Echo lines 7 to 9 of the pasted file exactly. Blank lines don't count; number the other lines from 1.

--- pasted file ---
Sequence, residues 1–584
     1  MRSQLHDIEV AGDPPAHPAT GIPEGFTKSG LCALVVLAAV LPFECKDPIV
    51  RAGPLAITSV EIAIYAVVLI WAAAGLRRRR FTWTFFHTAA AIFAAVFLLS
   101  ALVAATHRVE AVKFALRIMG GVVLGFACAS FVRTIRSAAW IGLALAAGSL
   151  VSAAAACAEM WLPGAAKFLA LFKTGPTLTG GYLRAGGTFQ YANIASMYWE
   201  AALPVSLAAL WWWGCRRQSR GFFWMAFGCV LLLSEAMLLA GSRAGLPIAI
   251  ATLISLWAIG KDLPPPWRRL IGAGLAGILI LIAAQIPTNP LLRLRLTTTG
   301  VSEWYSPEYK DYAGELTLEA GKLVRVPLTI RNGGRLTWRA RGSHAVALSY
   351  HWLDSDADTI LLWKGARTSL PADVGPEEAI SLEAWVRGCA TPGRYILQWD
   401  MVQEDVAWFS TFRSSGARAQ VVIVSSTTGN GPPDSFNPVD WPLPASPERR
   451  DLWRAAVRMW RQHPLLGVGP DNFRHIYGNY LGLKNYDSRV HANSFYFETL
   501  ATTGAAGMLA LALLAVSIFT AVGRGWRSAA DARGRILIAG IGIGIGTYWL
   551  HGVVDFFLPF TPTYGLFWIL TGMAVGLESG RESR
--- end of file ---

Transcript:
   251  ATLISLWAIG KDLPPPWRRL IGAGLAGILI LIAAQIPTNP LLRLRLTTTG
   301  VSEWYSPEYK DYAGELTLEA GKLVRVPLTI RNGGRLTWRA RGSHAVALSY
   351  HWLDSDADTI LLWKGARTSL PADVGPEEAI SLEAWVRGCA TPGRYILQWD